Thursday, 29 November 2007

Eclipse Process Framework

So, the other week, I'm beavering away at work, and we're talking about how nice it would be to be able to document our SOA methodology in a way that allows newbies and old hands alike to learn it, implement it and most importantly, feed back and refine it, because anyone who tells you their process is perfect is missing the point.

Someone (rather helpfully, as it turns out) pointed out the Eclipse Process Framework. They'd dabbled with it in the past, and found it to be a rather clever piece of kit. You'll have to forgive any slip-ups in terminology or accuracy; I'm the new boy in EPF's playground. As I understand it, EPF allows you to:

  • Document activities and work flows in an extensible way.
  • Document the roles involved in your process (Project Manager, Tester, Tea-boy), and what they are responsible for.
  • Document the purpose, structure for artefacts, as well as managing their templates.
  • Document the concepts and general purpose content to help people who are just starting out with your process.

All of this content is packaged up into re-usable 'process libraries' that allow you to combine different processes together (so, for example, you could create an OpenUP and SCRUM version of your SOA methodology, simply by pulling together the 'SOA', 'OpenUP', and 'SCRUM' libraries into two different processes.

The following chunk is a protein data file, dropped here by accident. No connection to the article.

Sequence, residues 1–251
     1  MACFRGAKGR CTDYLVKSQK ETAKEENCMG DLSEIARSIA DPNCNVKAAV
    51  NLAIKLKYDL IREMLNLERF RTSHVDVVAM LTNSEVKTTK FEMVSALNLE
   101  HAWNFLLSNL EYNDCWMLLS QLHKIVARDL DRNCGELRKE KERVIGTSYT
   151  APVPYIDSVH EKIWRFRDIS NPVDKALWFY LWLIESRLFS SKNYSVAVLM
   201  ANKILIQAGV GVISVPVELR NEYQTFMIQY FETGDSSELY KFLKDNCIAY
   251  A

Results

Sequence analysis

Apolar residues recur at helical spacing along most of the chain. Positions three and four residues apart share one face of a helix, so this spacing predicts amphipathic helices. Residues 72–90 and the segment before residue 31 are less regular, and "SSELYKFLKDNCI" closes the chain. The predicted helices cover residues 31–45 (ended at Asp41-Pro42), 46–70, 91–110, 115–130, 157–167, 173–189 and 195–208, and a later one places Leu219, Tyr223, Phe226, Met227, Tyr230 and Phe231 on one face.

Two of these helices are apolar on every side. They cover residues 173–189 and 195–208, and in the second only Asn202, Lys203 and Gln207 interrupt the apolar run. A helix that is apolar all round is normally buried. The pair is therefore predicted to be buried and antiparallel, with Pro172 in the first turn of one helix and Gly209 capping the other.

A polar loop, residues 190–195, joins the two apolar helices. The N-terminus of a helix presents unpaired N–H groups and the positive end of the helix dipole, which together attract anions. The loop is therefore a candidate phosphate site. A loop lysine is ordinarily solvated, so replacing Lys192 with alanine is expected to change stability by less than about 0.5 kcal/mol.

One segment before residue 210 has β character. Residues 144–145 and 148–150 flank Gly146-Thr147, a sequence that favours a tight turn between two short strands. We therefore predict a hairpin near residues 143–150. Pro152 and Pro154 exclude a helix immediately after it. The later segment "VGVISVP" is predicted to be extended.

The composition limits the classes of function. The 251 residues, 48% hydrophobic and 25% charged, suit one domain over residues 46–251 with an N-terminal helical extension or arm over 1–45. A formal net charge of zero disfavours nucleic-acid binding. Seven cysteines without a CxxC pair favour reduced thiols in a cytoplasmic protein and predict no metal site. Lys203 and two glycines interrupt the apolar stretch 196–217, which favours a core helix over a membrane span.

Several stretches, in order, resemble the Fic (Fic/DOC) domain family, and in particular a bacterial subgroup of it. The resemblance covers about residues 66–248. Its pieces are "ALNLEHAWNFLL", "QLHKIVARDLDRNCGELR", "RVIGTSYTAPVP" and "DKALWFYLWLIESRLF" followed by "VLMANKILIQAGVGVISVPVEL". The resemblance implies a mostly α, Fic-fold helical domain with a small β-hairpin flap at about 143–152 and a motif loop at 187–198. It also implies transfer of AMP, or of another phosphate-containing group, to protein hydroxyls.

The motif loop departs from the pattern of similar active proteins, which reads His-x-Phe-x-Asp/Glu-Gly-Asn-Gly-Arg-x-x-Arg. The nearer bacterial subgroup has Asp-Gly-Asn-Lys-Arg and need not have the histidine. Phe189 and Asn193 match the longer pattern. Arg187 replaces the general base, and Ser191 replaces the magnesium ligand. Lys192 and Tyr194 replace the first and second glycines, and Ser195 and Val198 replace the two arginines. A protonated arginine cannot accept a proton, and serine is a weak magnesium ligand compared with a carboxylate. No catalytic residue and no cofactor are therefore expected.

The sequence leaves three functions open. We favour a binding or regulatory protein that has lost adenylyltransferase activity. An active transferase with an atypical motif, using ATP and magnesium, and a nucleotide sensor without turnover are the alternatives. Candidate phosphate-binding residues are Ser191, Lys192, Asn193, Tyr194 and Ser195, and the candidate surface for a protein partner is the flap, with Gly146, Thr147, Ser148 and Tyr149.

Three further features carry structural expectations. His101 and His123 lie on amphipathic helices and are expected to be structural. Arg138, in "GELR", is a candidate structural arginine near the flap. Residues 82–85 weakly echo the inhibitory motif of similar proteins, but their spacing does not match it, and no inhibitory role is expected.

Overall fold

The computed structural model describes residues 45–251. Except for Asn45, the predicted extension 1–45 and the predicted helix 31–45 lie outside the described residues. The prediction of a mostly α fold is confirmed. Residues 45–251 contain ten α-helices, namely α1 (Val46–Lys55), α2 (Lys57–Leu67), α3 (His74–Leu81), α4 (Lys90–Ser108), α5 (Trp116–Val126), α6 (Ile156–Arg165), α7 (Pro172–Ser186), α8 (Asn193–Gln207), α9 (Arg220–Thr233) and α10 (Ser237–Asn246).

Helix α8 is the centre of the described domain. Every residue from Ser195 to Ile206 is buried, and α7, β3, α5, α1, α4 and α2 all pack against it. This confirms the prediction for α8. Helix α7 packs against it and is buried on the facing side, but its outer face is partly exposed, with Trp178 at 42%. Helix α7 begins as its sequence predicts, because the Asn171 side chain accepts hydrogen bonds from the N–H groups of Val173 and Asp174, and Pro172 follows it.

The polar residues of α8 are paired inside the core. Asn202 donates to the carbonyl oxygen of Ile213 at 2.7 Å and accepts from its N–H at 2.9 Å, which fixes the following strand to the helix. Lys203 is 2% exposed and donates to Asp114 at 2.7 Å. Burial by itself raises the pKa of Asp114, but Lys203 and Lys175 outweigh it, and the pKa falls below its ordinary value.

Once you've done all of this, EPF lets you create publishing configurations to define how your process is published for others to read (either in a static web site, or as a .war file for deployment to your favorite Servlet Spinner). Interestingly, EPF also apparently allows you to publish your content to a Wiki, allowing the poor buggers who actually have to work with your process to feed back and tweak the content as they learn.

As if to prove the point, the EPF boys have document two popular methodologies for your reading pleasure:

Take a look, see what you think. I'd be interested to hear your comments...

No comments: